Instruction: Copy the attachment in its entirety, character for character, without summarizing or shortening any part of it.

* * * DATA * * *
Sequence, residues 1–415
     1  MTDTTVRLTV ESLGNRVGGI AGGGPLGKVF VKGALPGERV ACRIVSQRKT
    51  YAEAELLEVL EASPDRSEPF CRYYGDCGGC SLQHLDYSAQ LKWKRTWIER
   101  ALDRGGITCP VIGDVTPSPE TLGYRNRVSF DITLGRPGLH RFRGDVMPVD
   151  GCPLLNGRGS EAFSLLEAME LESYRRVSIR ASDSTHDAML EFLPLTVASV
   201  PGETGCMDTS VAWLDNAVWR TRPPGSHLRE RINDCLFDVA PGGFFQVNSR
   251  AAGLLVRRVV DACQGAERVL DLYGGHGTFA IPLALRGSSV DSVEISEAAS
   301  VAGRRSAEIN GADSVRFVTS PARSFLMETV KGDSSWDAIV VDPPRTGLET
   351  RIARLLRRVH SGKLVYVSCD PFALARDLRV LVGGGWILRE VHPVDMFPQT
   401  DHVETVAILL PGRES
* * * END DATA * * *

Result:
Sequence, residues 1–415
     1  MTDTTVRLTV ESLGNRVGGI AGGGPLGKVF VKGALPGERV ACRIVSQRKT
    51  YAEAELLEVL EASPDRSEPF CRYYGDCGGC SLQHLDYSAQ LKWKRTWIER
   101  ALDRGGITCP VIGDVTPSPE TLGYRNRVSF DITLGRPGLH RFRGDVMPVD
   151  GCPLLNGRGS EAFSLLEAME LESYRRVSIR ASDSTHDAML EFLPLTVASV
   201  PGETGCMDTS VAWLDNAVWR TRPPGSHLRE RINDCLFDVA PGGFFQVNSR
   251  AAGLLVRRVV DACQGAERVL DLYGGHGTFA IPLALRGSSV DSVEISEAAS
   301  VAGRRSAEIN GADSVRFVTS PARSFLMETV KGDSSWDAIV VDPPRTGLET
   351  RIARLLRRVH SGKLVYVSCD PFALARDLRV LVGGGWILRE VHPVDMFPQT
   401  DHVETVAILL PGRES